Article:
Pochote Xochimilco: Organic Market in Oaxaca

I love a good open air market.  If food is sold there, even better.  If there is organic food and produce?  Fantastico!  Every Fridays and Saturdays, the courtyard of the church in Xochimilco (simply called Iglesia de Xochimilco) becomes a fun organic market for a few hours.  I’ve been going there every week to get my tomale fix, and to buy fruits and vegetables.

IMG_3620All last week I had been dreaming of this delicious mole negro tamale from this sweet lady but when I arrived little after 13:00, she had already sold out of ALL of her tamales.  NOOOOOOOOOOOO!!!!!  Of course there were other options for food and I could have had a memela or a tlayuda, but I had my heart set on those tamales!

In the photos below, tlayudas are the big ones, they’re like Mexican pizzas found everywhere around Oaxaca. For a quick snack, I get its cousin, memelas or memelitas that are much smaller in size. They lay out all these different ingredients and you get to choose the topping/fillings you want.  At this market, I tried a memela with frijol (black bean sauce), huitlacoche (a type of fungus that grows on corn, totally edible/yummy) and quesillo (Oaxacan “string cheese”).  They are quickly grilled on a comal (a flat griddle) until the cheese melts.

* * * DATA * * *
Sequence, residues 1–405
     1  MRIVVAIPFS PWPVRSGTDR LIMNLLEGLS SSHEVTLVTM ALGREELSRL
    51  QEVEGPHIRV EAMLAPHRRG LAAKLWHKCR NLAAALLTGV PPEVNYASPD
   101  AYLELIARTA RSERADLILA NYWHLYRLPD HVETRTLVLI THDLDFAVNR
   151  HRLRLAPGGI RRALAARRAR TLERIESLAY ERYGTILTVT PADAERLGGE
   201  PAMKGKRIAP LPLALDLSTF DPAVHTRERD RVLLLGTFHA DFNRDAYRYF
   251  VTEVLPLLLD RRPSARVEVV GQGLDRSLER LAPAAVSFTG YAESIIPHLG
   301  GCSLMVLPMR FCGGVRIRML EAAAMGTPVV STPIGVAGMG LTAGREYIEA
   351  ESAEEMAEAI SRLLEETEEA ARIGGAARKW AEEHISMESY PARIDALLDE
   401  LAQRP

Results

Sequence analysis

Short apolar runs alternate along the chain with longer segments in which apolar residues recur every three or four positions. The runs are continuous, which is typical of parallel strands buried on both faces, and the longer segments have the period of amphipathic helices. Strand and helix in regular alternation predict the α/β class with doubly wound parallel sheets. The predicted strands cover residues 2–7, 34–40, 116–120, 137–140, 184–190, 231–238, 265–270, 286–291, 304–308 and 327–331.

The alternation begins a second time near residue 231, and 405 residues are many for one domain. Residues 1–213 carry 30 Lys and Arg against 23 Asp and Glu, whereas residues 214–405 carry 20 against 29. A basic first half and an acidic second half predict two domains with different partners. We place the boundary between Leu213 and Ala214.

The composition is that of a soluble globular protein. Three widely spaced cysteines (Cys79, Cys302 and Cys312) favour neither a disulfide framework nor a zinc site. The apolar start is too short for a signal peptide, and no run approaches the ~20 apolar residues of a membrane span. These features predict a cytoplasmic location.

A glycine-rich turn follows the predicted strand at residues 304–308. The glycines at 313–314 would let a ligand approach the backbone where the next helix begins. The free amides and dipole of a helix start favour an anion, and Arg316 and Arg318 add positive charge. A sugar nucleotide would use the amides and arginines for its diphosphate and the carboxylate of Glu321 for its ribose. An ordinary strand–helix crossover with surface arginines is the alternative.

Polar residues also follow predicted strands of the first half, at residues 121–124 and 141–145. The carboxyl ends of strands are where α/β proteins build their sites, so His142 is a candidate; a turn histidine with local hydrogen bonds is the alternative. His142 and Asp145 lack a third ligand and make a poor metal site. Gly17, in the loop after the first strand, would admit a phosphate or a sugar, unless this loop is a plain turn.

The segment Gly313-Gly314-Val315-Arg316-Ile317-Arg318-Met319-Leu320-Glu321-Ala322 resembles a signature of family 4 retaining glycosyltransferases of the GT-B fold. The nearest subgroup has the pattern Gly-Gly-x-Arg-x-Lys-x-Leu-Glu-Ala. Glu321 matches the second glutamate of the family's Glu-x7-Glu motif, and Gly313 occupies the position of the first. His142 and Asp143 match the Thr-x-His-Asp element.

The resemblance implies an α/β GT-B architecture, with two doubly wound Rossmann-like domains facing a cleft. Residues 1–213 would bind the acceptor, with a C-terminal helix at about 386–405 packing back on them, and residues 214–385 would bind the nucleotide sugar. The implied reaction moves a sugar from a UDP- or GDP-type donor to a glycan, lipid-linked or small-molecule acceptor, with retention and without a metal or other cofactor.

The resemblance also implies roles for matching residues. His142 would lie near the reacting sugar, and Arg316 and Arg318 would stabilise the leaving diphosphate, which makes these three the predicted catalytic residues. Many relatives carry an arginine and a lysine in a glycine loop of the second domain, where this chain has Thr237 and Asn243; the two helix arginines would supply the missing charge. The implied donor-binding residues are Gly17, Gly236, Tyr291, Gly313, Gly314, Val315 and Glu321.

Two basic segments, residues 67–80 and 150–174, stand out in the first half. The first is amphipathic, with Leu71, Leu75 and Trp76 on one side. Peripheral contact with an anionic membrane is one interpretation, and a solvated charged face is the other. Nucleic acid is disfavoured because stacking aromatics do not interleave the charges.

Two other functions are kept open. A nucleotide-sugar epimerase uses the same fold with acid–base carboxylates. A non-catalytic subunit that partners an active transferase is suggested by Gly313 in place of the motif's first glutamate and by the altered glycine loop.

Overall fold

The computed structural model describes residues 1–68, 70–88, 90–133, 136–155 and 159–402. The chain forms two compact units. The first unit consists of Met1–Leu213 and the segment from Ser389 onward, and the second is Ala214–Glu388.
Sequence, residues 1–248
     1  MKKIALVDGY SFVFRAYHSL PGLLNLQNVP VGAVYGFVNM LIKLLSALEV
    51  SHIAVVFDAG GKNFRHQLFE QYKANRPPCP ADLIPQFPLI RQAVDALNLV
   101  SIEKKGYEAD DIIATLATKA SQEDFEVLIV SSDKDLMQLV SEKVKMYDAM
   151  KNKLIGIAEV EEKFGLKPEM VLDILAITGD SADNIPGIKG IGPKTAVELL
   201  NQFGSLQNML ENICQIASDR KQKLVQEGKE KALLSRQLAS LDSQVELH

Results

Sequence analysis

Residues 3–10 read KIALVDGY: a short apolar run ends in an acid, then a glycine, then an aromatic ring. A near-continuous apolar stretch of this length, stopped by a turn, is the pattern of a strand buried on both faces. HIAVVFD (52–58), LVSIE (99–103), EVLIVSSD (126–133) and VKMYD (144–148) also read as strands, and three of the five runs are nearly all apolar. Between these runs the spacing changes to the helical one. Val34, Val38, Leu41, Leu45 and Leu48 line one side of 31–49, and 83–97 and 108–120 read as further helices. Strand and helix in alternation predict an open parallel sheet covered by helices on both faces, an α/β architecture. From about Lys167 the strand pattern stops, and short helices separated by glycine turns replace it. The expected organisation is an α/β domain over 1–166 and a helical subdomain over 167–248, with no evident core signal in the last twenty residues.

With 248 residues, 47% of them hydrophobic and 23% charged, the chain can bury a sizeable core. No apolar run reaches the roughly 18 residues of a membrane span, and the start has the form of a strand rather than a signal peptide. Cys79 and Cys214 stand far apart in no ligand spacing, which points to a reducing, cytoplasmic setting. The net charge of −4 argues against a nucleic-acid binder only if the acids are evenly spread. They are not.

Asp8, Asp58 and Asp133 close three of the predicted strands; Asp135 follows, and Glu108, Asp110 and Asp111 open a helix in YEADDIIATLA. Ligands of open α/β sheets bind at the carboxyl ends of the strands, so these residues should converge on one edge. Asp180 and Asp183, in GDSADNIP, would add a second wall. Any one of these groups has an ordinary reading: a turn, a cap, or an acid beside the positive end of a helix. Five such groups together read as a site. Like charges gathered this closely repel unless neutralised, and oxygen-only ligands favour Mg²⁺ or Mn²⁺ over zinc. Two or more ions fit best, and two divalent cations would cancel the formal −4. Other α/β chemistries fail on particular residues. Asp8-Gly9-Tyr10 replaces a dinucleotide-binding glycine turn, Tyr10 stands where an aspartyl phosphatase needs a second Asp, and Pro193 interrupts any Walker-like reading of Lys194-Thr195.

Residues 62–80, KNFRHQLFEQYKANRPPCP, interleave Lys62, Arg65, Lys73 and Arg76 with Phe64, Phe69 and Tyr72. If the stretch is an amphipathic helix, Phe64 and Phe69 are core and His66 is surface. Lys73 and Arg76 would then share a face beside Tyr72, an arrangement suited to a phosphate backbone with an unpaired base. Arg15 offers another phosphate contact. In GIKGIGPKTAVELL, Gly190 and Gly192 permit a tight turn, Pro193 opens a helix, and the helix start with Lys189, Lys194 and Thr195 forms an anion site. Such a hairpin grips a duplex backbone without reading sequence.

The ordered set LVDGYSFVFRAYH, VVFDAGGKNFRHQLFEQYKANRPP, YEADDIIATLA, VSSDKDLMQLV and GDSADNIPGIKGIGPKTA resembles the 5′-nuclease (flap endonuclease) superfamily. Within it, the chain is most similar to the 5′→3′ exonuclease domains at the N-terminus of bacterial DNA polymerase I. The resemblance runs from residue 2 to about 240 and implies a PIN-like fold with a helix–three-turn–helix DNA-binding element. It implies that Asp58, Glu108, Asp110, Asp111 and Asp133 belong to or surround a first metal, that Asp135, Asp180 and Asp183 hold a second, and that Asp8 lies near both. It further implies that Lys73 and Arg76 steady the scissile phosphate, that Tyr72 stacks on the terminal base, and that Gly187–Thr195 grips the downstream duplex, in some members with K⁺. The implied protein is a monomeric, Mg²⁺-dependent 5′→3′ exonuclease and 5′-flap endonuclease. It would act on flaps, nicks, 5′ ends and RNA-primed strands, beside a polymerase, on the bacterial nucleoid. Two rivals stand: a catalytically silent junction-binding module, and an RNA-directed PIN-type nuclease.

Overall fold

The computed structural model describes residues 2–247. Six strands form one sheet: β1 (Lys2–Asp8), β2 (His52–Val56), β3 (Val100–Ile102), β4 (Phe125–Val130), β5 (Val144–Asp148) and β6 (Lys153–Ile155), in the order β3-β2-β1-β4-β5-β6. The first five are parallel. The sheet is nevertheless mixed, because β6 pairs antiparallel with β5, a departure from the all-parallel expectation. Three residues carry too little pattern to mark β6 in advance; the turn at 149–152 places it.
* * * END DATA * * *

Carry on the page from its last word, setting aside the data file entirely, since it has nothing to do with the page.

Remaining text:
IMG_3611 IMG_3612 IMG_3613 IMG_3614 IMG_3615 IMG_3616The ladies there told me that their salsa de tomate asado (roasted tomato salsa) was spicy so I put that on top of my memela.  If I had more courage, I would have tried the salsa de chapulín though (salsa made with ground grasshoppers).

IMG_3617Not wanting to give up on my tamale quest, I walked over to a different open air market (tianguis) in Parque Llano (it’s only open on Fridays), but sadly they weren’t as good.  So I returned again on Saturday to Pochote Xochimilco for another try.

I have now tried all 4 types of tamales this lady makes, and my favorites are chepil (a local herb used in Oaxaca- photo of tamale de chepil is below, it’s also known as chipilín) and mole negro with chicken.

IMG_3618Yes, that’s right. For all 4 tamales it would set you back 31 pesos, about $2USD at present.  2 tamales is quite enough to fill me up, but I get greedy and buy at least 3…

IMG_3619 I don’t have a kitchen here so I’m not able to cook at all, but I love buying these small heirloom tomatoes to munch on.  I got this giant bag full of them for 10 pesos ~$0.67 USD. I love this country!

IMG_3622There are also artisans that sell their crafts at the market and one can easily find beautiful tapetes (rugs), huipiles (traditional blouses), and ceramics, etc.  But well, as my interests are usually on the food stuffs I skip most of those.  I wonder if I’d ever get tired of tamales….???  Can’t wait for Friday!

 

RELATED POSTS:

Organic Market in Buenos Aires: El Galpón and Others

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